But as always, I run smack-dab into the brick wall of my cynicism here, which is best summed up by the 'Dilbert' quote, "You know, if you put a little hat on a snowball, it can last longer in Hell." Because the unfortunate reality of the marketplace is, Marvel and DC have already done a pretty damned good job of marginalizing non-straight white male able-bodied fans to the point where most of the target audience for the new Ms Marvel probably won't even know it exists. Title after title for decade after decade aimed squarely at the "white teenage boy" market, combined with a marketing strategy that has made comics virtually invisible to anyone outside of a tiny, dedicated fanbase that actively seeks them out, has self-selected Marvel's market down to the point where launching a book like this might as well have a blurb on the cover that says, "The New Ms Marvel! She's Not For You!"

Yes, there are some fans who will seek it out even though they don't personally identify with the character. There are also some fans who do personally identify with the character, either in terms of race, religion or ethnicity, who haven't been burned out on the hobby despite the worst efforts of fans and professionals alike, who will pick it up. But experience has taught me the lesson that these fans aren't enough to sustain a book. Marvel needs to reach out to a different audience on this one, and I don't think they're going to do it. They're just going to put the book on the rack next to 'Spider-Man' and 'Captain America', in the store that has all the cheesecake posters up behind the counter and the clerk who gives the stink-eye to anyone who looks vaguely ethnic because "they might be shoplifters", and then wonder why it fails. And inevitably come to the conclusion that it's just because nobody wants to read about superheroes who aren't white guys like them.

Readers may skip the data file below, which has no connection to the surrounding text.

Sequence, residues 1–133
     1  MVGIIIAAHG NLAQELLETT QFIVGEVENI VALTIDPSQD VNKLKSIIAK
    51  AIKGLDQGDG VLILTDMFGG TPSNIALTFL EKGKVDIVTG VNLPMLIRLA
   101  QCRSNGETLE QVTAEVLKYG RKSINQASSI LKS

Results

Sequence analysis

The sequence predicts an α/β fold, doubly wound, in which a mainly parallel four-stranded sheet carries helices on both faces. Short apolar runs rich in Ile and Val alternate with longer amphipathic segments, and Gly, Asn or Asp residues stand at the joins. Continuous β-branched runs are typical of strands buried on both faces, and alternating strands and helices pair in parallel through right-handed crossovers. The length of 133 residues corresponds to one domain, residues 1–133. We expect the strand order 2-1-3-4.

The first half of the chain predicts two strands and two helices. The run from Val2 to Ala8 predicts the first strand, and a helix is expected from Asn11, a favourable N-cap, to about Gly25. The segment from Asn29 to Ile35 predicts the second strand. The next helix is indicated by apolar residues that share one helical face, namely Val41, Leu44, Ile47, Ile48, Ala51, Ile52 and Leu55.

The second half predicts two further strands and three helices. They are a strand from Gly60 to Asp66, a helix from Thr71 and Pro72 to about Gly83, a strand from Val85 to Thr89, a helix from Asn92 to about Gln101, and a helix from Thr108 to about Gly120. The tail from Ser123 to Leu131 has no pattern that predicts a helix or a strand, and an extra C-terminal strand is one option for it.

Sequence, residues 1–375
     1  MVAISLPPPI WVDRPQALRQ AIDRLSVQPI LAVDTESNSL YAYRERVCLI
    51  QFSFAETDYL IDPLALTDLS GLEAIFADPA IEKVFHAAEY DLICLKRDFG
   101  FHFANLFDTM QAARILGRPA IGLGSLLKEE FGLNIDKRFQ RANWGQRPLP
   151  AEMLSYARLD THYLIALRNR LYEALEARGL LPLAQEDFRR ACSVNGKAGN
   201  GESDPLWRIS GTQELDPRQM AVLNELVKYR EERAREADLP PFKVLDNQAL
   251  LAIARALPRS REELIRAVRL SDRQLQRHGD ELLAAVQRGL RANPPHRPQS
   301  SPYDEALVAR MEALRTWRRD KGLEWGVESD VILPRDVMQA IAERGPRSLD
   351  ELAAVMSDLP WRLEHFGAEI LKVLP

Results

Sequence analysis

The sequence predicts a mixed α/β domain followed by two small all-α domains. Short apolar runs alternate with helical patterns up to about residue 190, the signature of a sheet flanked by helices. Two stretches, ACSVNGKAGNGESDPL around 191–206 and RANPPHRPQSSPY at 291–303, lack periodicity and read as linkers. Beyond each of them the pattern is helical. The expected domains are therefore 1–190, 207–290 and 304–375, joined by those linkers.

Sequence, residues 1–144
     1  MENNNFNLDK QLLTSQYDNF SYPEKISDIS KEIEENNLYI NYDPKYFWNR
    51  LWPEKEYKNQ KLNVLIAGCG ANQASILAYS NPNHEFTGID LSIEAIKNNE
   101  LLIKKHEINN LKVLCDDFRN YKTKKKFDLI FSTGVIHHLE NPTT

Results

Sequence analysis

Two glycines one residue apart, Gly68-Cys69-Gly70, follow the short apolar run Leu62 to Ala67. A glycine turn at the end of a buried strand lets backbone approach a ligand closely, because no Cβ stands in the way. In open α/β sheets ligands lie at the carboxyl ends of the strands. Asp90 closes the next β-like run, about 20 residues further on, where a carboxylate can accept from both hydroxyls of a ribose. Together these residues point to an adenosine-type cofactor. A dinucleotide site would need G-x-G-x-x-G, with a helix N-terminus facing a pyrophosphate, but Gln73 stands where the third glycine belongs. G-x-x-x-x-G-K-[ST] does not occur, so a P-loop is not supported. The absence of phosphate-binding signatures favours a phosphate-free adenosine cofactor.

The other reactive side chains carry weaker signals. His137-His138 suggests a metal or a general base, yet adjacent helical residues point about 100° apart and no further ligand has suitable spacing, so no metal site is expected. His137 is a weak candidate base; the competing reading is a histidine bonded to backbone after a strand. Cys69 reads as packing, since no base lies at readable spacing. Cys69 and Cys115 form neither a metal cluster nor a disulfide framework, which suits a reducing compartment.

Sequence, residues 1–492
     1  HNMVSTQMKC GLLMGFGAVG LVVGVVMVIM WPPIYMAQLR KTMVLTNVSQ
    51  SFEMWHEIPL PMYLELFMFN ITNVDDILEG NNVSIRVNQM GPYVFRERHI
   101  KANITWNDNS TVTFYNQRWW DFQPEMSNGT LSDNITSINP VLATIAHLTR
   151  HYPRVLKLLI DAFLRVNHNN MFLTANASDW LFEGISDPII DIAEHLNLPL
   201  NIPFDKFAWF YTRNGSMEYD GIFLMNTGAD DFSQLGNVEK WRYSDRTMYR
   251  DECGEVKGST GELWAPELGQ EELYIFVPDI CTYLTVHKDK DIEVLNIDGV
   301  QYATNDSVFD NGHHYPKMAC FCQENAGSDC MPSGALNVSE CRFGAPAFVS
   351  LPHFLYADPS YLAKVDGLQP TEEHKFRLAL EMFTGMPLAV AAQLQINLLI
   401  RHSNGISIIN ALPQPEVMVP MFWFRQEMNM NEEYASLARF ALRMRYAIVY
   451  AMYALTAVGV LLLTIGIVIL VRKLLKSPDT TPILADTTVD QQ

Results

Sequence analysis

And from there, it's about five years to the point where Kamala Khan dies in the next crossover so they can introduce the NEW Ms Marvel, who will coincidentally be white. And then someone will write another article like this lamenting the fact that Marvel and DC always kill off their ethnically-diverse legacy characters so they can bring in whiter versions, and the company will placate these concerns by introducing a NEW ethnically-diverse legacy character in a different role, but without having learned any of the marketing lessons involved so that hero won't do any better because they're still marketing them hardcore at the same audience that rejected all the previous ones...and who have learned that if they just act pissy enough, Marvel and DC will back down from ethnic diversity every single time and give them back the comforting whiteboy fantasy world they got used to as a child. (I swear, sometimes I think that fans have gotten less tolerant over the years, simply because they know that at least when dealing with comics companies, xenophobia is rewarded.)